2017-08-10 / News

Craft brewers ask Snyder to shut down Line 5

TRAVERSE CITY – Michigan business owners in the tourism and craft brewing industries called on Governor Rick Snyder and Attorney General Bill Schuette to begin the process of shutting down Line 5 immediately, citing the tens of thousands of jobs put at risk every day by the 64-year-old pipeline.

“A Line 5 rupture would be disaster for my company, my family, my 300 staff members and my community,” said Bob Sutherland, president and founder of Glen Arbor based Cherry Republic, which also released a new video today highlighting the dangers of Line 5.

“As owner of Cherry Republic, I feel a deep responsibility to protect the land, water, and air of Michigan for my family, employees and community. Enbridge has taken no responsibility for protecting the resources of this state and has lost the right to pipe one drop of oil through its obsolete, 64-year-old pipeline.”

According to Michigan State University Extension, the state of Michigan had 113.4 million visitors in 2014 and Michigan’s tourism industry sustains 214,000 jobs annually. According to a 2016 University of Michigan study, a Line 5 oil spill could impact up to 700 miles of Great Lakes shoreline.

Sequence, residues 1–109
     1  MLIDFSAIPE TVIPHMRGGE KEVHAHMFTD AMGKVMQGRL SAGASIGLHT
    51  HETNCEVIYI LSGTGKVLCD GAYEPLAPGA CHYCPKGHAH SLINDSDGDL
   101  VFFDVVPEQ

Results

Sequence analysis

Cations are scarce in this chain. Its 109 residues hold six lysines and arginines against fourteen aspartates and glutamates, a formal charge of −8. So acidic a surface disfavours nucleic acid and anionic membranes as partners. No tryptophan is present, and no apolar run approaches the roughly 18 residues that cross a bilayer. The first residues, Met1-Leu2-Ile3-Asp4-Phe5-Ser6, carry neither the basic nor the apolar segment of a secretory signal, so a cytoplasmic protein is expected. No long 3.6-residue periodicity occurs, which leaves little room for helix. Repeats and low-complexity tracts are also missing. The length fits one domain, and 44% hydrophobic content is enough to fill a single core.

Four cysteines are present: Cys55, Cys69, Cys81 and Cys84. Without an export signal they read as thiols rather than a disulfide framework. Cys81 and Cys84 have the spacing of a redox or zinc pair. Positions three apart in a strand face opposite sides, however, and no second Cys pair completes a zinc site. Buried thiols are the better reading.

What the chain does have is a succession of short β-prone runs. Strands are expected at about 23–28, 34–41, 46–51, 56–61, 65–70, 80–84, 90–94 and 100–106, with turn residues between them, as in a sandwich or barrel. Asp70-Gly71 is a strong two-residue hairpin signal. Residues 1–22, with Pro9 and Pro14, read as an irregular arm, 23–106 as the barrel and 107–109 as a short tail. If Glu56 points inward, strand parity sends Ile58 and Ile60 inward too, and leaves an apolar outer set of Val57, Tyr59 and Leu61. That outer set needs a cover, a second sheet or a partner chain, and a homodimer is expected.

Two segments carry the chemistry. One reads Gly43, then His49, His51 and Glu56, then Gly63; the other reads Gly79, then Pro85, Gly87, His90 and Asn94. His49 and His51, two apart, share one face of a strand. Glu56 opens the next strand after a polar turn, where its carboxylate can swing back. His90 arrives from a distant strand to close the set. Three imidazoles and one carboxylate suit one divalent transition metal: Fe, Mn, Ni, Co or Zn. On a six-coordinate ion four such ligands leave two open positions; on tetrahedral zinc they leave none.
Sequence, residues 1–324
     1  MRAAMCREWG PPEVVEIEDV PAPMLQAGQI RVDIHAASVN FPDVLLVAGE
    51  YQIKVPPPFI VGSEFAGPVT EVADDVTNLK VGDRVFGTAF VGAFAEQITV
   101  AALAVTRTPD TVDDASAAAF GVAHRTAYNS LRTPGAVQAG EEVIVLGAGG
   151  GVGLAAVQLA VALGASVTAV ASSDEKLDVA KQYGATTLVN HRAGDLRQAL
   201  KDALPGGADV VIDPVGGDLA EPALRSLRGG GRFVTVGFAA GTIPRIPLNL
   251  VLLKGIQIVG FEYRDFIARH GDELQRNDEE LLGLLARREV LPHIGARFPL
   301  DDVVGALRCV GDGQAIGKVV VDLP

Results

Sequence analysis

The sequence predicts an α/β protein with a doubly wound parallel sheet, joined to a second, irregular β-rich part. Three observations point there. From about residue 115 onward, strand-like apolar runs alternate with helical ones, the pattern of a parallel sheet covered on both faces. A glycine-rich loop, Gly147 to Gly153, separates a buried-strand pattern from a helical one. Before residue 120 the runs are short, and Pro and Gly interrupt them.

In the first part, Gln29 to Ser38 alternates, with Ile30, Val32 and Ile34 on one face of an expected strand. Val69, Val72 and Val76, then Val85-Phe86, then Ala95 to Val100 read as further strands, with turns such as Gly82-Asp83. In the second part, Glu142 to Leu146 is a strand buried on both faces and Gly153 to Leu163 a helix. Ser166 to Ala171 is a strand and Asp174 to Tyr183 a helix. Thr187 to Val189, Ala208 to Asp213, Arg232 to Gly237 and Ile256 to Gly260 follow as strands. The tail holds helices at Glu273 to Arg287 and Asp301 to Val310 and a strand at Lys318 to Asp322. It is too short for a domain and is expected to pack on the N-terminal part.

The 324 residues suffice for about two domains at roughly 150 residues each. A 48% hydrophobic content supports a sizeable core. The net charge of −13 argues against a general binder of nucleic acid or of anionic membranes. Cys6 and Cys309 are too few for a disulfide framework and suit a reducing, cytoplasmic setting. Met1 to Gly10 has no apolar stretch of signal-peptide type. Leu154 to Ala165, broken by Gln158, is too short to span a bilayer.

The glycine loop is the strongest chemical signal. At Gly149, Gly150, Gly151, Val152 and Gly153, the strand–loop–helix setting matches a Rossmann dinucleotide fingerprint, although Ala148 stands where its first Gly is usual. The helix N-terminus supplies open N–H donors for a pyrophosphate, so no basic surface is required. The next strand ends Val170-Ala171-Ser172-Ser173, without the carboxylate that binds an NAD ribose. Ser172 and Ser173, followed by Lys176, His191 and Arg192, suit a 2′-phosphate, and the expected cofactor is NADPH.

“An oil spill in the Great Lakes would have a tremendous impact on fresh drinking water, and many communities do not have an alternative water source,” said Rich Bergmann, owner of Lake Charlevoix Brewing Co.

“Craft breweries like mine depend on this water as the number one ingredient in our beer. The Great Lakes are essential to our economy in Michigan and across the region, which is why leaders should take action now and shut down Line 5 to prevent a catastrophic oil spill in the Straits.”

More than 250 Michigan businesses support the Oil and Water Don’t Mix campaign, including Short’s Brewery and HopCat, which is spearheading its own campaign to encourage customers to support decommissioning Line 5.

Return to top